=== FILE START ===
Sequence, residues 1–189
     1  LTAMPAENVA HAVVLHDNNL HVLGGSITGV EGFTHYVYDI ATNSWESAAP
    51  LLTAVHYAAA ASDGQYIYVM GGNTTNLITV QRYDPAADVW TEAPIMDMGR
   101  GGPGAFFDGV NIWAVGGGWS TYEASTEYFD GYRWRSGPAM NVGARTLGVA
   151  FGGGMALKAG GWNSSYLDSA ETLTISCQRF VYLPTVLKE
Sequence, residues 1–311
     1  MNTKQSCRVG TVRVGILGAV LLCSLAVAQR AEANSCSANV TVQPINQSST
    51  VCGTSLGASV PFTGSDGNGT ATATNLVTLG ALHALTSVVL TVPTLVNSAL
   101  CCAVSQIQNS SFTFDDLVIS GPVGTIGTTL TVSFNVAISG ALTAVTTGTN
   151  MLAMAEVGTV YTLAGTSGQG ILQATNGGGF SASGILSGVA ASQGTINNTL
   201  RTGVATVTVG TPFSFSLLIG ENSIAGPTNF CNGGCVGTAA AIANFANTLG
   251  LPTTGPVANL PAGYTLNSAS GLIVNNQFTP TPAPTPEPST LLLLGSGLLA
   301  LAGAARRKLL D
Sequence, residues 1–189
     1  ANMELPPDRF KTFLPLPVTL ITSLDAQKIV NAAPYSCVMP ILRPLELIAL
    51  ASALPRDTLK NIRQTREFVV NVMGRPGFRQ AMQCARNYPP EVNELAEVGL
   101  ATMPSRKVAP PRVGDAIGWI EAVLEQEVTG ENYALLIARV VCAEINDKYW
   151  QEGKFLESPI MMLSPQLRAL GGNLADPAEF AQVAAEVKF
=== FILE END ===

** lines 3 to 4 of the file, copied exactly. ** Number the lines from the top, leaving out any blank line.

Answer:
    51  LLTAVHYAAA ASDGQYIYVM GGNTTNLITV QRYDPAADVW TEAPIMDMGR
   101  GGPGAFFDGV NIWAVGGGWS TYEASTEYFD GYRWRSGPAM NVGARTLGVA